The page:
The government says it’s currently working to ensure the eviction process returns smoothly when the ban expires in late August.
In the House of Commons yesterday, in response to a question about evictions, the housing minister Chris Pincher said: “The Ministry of Housing, Communities and Local Government is working closely with the Ministry of Justice and the judiciary on arrangements, including new rules, to ensure that when the moratorium on evictions ends, the courts are better able to address the need for appropriate protection of all parties, including those shielding from Coronavirus.
“This judicial-led work is to ensure that judges will have all the information necessary to make just decisions in the current framework and that the most vulnerable tenants will get the help they need.”
Pincher made no reference to the current date at which the moratorium is expected to end - August 24 - and the most recent extension to the original ban was not announced until a week before it was scheduled to end.
However, as we reported on Letting Agent Today last evening, the government appears to have confirmed that the evictions ban will end in late August and courts will resume hearing possession cases from that time.
Responding to a series of parliamentary questions, Lord Greenhalgh - a junior minister at the Ministry for Housing, Communities and Local Government - has said that from August 24 “the courts will begin to process possession cases again”.
After what would be a five month suspension, the Minister argued that this would be “an important step towards ending the lockdown and will protect landlords’ important right to regain their property.”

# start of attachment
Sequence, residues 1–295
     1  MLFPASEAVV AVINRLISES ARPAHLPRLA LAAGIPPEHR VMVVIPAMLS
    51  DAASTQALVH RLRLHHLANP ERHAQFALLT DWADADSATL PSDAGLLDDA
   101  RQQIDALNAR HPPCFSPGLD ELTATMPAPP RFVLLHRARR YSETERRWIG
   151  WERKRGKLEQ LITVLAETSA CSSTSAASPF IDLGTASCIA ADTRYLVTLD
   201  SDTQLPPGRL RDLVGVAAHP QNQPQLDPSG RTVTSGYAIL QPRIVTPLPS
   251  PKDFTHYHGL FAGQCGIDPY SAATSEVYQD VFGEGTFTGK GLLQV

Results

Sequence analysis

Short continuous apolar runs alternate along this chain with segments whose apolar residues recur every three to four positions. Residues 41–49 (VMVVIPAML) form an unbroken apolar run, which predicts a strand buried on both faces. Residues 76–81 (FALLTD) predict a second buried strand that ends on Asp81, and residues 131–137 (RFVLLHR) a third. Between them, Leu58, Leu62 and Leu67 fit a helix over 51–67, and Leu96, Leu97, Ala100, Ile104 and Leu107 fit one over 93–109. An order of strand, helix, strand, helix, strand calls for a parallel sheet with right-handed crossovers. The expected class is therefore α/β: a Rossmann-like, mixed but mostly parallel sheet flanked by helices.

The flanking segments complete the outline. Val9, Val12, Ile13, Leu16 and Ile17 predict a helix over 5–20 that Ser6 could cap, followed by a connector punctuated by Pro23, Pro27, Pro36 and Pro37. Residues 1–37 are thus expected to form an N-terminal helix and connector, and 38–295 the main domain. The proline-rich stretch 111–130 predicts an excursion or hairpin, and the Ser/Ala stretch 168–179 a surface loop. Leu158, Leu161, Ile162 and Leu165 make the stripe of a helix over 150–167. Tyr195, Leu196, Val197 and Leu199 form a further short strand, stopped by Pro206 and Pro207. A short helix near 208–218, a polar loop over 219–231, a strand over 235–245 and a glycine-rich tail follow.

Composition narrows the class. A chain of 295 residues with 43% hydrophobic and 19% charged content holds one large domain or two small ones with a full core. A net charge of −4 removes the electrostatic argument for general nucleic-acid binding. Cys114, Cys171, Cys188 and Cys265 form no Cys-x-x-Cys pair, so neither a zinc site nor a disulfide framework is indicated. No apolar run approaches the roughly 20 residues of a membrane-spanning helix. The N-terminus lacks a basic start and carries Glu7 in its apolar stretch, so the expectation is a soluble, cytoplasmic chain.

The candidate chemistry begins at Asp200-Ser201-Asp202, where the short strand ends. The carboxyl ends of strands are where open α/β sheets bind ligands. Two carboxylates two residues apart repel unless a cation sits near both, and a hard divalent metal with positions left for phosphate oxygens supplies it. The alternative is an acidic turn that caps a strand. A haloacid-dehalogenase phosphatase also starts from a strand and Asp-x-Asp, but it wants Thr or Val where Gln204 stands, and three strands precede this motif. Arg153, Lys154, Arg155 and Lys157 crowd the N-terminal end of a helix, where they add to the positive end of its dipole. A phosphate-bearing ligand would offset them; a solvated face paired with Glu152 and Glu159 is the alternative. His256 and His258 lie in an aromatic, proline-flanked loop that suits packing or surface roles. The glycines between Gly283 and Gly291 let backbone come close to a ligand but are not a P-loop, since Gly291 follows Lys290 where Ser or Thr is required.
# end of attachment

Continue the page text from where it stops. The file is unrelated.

He reiterated however that work is ongoing to ensure “the most vulnerable tenants can get the help they need when possession cases resume.”
The minister confirmed that under plans to end Section 21 repossessions as part of the Renters’ Reform Bill, ministers want to ensure that “landlords are able to swiftly and smoothly regain their property through the courts where they have a legitimate reason to do so.”
Ben Beadle, chief executive of the National Residential Landlords Association, said of the news last evening: “The minister’s comments provide greater certainty for the rental market.
“We continue to work hard with landlords and tenants to sustain tenancies wherever possible. In the vast majority of cases this is happening.
“It is vital however that swift action can be taken against those tenants committing anti-social behaviour or domestic violence. We are calling also for priority to be given to cases where possession orders were granted prior to lockdown or where rent arrears have nothing to do with the COVID pandemic.”